Harendra Coomar Mookerjee

Harendra Coomar Mookherjee (3 October 1887 – 7 August 1956), also spelt as H.C. Mukherjee, was the Vice-President of the Constituent Assembly of India for drafting the Constitution of India before Partition of India, and the third Governor of West Bengal after India became a republic with partition into India and Pakistan.[1][2][3]

Harendra Coomar Mookherjee
3rd Governor of West Bengal
In office
1 November 1951 – 8 August 1956
Preceded byKailash Nath Katju
Succeeded byPhani Bhusan Chakravartti (acting)
Vice President of Constituent Assembly of India
PresidentRajendra Prasad
Preceded byOffice Established
Chairman of Minorities Sub-Committee
LeaderVallabhbhai Patel
Personal details
Born3 October 1887
Died7 August 1956(1956-08-07) (aged 68)

He was an educationalist, prominent Christian leader of Bengal, and was the chairman of the Minority rights committee and Provincial constitution committee of the Constituent Assembly—consisting of indirectly elected representatives to draft the Constitution of India, including for provinces of present Pakistan and Bangladesh (then East Bengal) – the assembly considered only Muslims and Sikhs as religious minorities – after India became republic, the same Constituent Assembly became the first Parliament of India in 1947.[2][3][4][5][6][7][8]

Biography edit

Born in Bengali Christian family in Bengal, he did MA, PhD, D.Litt, and was the first Indian to receive a Doctor of Philosophy degree (from the University of Calcutta). Mookerjee's doctorate was in English literature, and he went on to become a philanthropist, and teacher.[9]

At Calcutta University, he served at various positions—as lecturer, secretary, council of Post-Graduate Teaching in Arts, Inspector of Colleges, professor of English from 1936 to 1940, and head of English department. He was later nominated to "Bengal Legislative Council" and elected to "Bengal Legislative Assembly."[8][10][11]

While he was vice-president of the Constituent Assembly of India, and chairman of the Minority rights sub-committee and Provincial constitution committee, he began suggesting reservation for the upliftment of minorities in all fields, including politics. With partition of India, he changed his stance and limited it to provision for preservation of the language and culture of minorities—over the period, this has been interpreted to open educational institutes and other institutions by minority communities.[2][3][4][5][7][12][13][14]

Following the dissolution of the Constituent Assembly, Dr. Mookerjee was appointed Governor of West Bengal from 1 November 1951 through 7 August 1956. While working as Bengal governor, he served as the president of "Desh Bandhu Memorial Society" from 1953. He died in office on 7 August 1956 in Kolkata.[15]

Christian leader edit

He represented Bengali Christians in Bengal, and after his entry into national politics, he was elected as the president of All India Conference of Indian Christians, representing All-Indian Christians other than Anglo-Indians, who were organized as the All India Anglo-Indian Association.[16][17]

He was also the member of Indian National Congress and participated in national movements representing Bengali Christian community.[18][19] He confessed to his community as:

We have to demonstrate by every word we utter and by every act we perform that the professing of a different religious faith has not tended in the least to make us less Indian in our outlook than our non-Christian brethren, that we are prepared to play our part and to shoulder our share of the responsibility in every kind of work undertaken for the benefit of our country as a whole.[19][8]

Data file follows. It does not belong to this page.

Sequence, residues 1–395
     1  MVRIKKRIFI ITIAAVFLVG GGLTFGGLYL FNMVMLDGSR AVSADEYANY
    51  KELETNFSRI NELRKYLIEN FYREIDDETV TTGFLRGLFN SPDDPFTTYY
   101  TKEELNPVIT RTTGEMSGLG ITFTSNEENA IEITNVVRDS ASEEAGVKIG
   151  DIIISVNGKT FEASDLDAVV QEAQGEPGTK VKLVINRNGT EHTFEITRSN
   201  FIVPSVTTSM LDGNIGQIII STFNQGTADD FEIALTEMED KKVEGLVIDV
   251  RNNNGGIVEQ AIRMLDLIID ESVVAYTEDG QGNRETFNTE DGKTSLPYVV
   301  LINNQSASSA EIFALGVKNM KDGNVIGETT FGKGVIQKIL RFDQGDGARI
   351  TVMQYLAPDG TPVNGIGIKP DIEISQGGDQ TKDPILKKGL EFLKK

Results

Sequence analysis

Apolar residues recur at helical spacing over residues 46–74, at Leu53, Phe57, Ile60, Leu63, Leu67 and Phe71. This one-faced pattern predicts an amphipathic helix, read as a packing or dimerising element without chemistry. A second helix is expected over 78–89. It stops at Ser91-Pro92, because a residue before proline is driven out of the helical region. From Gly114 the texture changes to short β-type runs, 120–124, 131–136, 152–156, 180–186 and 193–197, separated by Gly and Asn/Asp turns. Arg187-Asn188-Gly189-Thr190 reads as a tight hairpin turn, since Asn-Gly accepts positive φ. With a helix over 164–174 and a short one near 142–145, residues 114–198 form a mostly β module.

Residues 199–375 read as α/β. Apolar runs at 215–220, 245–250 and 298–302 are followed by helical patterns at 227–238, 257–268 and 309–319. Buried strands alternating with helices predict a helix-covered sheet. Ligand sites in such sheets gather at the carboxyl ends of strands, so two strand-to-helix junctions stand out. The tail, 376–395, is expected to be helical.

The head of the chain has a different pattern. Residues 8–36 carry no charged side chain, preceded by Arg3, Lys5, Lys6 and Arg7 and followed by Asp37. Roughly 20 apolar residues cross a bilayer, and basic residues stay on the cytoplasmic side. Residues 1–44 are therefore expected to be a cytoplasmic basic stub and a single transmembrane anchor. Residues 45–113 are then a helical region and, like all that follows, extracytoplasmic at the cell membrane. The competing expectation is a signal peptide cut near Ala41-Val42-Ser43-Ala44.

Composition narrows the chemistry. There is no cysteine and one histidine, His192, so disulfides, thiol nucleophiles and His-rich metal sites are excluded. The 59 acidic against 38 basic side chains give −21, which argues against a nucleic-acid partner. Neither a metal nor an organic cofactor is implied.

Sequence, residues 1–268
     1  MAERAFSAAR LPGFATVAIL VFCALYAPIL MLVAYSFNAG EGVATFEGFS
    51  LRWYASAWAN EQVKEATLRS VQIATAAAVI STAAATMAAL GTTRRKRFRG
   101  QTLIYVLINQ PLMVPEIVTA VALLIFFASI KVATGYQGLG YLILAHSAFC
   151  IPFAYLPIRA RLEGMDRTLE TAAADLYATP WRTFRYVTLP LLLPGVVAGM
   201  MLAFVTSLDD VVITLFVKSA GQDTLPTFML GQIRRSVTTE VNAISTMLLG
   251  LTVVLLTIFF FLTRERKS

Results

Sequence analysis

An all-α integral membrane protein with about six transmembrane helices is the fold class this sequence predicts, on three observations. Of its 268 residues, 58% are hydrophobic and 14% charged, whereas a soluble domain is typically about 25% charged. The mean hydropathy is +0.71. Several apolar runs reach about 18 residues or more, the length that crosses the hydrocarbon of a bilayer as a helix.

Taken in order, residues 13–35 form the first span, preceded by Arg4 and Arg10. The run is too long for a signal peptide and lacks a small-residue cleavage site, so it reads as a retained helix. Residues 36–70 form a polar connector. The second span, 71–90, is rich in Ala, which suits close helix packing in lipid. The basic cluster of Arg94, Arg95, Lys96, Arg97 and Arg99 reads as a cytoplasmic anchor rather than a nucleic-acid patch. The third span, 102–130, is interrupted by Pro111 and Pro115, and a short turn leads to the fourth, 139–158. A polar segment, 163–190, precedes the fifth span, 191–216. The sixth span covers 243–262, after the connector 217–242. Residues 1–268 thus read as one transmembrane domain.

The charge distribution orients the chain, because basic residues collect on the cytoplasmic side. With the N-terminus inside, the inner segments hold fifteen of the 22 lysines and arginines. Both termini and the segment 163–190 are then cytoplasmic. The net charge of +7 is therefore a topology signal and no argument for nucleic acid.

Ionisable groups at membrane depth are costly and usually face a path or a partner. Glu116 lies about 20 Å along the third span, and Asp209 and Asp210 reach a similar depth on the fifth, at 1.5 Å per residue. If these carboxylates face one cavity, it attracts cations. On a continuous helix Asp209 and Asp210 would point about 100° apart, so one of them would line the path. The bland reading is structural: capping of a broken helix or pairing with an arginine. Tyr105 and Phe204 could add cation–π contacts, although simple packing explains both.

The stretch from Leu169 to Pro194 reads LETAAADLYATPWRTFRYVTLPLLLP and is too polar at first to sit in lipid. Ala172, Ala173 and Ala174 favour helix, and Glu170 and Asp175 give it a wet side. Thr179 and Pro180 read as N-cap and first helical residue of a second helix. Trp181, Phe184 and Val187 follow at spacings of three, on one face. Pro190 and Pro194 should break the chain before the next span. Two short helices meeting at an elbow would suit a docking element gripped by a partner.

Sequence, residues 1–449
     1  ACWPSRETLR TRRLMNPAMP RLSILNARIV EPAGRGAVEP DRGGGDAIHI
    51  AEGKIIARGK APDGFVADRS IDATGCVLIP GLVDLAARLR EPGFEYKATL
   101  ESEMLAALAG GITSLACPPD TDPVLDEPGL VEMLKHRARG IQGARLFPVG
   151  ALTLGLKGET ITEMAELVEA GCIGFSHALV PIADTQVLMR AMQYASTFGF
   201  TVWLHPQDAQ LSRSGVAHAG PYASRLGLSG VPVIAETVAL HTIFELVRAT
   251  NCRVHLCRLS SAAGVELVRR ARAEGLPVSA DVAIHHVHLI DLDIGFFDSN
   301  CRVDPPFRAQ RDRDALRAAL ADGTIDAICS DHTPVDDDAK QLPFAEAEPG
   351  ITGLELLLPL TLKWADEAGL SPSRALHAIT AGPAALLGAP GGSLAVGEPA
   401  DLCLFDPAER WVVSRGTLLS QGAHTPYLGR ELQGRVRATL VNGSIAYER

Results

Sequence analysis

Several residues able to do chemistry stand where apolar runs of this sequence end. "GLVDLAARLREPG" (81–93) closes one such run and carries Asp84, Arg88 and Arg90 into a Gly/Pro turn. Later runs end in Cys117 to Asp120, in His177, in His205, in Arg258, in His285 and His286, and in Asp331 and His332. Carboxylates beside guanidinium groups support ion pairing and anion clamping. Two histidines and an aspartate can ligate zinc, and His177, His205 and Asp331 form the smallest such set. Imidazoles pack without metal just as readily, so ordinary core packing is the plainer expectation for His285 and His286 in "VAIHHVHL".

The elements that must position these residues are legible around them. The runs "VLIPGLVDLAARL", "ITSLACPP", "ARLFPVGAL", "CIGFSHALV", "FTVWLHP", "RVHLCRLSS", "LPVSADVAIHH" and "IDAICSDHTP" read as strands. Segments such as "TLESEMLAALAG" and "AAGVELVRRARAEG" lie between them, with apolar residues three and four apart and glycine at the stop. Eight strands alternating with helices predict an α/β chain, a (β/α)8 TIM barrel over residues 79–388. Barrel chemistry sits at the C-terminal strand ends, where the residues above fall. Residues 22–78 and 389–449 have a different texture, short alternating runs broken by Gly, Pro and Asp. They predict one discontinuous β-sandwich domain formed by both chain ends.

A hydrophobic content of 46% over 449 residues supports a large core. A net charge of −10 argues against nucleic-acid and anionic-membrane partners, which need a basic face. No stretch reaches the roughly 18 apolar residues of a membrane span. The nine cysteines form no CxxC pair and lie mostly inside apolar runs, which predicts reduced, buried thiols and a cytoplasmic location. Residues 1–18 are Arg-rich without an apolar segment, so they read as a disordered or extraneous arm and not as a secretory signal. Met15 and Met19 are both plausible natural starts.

He was the only candidate to be unanimously nominated for Vice-Presidency, with a resolution moved by Pattabhi Sitaramayya, a member of Indian National Congress and Constituent Assembly of India; consequently, he expressed his gratitude in the Constituent Assembly of India that met in the Constitution Hall, New Delhi as:

Mr. President, Ladies and Gentlemen. I trust that you will accept in advance an apology because I am going to place before you a history of the way in which from a Christian Communalist I became a Christian Indian Nationalist. It was merely an accident that brought me into politics. It was a case of zid and nothing else. Some people had egged me to seek election, but at the last moment deserted me and I was determined to show that though I have been a school-master all, through my life, It was possible for a schoolmaster to be a better man than the black-mailing voter. It so happened that the gentleman against whom I was fighting was a more experienced man with a longer record of service to the community than myself. It also happened that in those days it was more profitable to appeal to communal than to national feelings. I admit with a sense of the deepest shame that I dabbled with the matter. He appealed to communalism. I appealed even more strongly to communalism and that is how I got into politics. But when as President of the All-India Council of Indian Christians the members requested me that I should go and visit poor Christians it was then and then only that I found out that the cause of the 'poor Christian Indian was no better than the cause of the equally poor Hindu Indian and the equally poor Mussalman Indian. It was then that from a Communalist I became a nationalist and if today you have done me the honour of putting me into the position of the Vice-President. be sure that while I am there. I shall not act as a communalist, but I shall remember the duty which I owe to the poor masses of my country. I am not a lawyer. I am not even a politician, Forty-two years of my life have been Passed as a teacher or as a student. I do not know whether I am qualified to discharge the duties with which you have entrusted me but I do know one Win. that I shall try to do it honestly and thereby I hope to add to the dignity of the House and add to the reputation of my community, which has hitherto had at least one thing in its favour. and that is, that It has never stood directly or indirectly against the political progress of my country.[20]